An Ironman is a difficult thing. It doesn't matter whether it's an IM branded event run by the World Triathlon Corporation, an official "iron distance" event run by another outfit, or a self-supported event done alone or with friends.
They are all 140.6 miles. And they are all challenging.
So, here I am, less than 48 hours away from tackling my own "Ironman." I've done the distance before, but that was fully supported. And after a summer of better and more dedicated training.
I do, however, have one thing going for me, this weekend. I don't have to do this. While that may seem strange to others, I find it more difficult to give up on something when it's entirely my own choice. Even though an official race has the specter of a "lost" entry fee, this event is all about personal achievement. And I mean completely.
There won't be thousands of people cheering at the start. Maybe a half dozen, instead.
There won't be thousands of people cheering at the end of the swim. Perhaps a handful.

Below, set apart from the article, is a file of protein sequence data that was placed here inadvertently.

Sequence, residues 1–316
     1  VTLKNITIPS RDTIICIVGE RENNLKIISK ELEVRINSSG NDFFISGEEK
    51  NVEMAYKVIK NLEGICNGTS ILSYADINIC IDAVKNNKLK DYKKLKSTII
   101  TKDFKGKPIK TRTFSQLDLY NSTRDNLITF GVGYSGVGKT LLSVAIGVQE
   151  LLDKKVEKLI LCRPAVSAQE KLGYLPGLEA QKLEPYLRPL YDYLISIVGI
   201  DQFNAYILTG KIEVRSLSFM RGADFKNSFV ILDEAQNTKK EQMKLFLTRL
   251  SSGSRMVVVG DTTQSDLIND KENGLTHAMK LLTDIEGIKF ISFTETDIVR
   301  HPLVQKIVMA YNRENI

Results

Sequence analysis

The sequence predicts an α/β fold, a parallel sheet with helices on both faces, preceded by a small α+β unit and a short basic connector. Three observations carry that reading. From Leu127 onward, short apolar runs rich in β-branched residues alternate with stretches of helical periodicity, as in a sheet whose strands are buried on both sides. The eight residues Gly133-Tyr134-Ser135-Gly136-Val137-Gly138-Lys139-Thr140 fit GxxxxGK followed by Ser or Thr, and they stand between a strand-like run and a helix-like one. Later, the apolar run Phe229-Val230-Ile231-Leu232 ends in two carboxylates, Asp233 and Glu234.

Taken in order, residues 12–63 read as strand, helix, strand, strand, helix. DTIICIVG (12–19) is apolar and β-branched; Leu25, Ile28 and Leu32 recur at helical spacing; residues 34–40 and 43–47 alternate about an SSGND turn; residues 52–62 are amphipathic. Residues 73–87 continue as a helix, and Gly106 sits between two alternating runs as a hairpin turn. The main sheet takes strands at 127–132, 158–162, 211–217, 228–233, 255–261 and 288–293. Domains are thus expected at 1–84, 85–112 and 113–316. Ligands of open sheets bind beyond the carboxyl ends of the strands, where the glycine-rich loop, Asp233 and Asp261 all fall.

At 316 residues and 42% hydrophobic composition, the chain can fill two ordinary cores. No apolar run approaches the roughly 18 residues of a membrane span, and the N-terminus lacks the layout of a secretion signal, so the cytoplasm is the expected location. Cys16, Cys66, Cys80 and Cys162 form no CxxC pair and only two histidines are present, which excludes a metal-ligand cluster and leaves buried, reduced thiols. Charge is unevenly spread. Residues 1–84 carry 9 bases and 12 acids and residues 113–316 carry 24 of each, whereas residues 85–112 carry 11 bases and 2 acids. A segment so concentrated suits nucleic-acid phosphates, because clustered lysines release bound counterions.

There won't be throngs lining the bike course. Only the sag vehicles will know why we're out there.
There won't be people cheering and ringing cowbells during the marathon. But my kids will be there cheering at the half-way point.
And there won't be a party with thousands of people cheering participants to the finish line, or anyone announcing "You are an Ironman" over loudspeakers. Most likely, there will be the same handful of people that followed us through the entire day.
But there will be the satisfaction of knowing that we ARE made of iron. And that we did it on our own.
And at the end of the day, regardless of how far we make it, we'll know that we all saved well more than $750 in the process.
Still, it's nervous business staring down the barrel of an Ironman race. No matter the reason, the event, or the cost, it's still going to require that we go 140.6 miles in 17 hours. And that, my friends, calls for a gut check.
Just who is this Iron Pol?
A former out of shape sailor, who became a marathoner, then a triathlete, Ironman, and ultramarathoner. Now, life has pushed me into short track speed skating. More important than the titles is the lifestyle, and sharing it with others.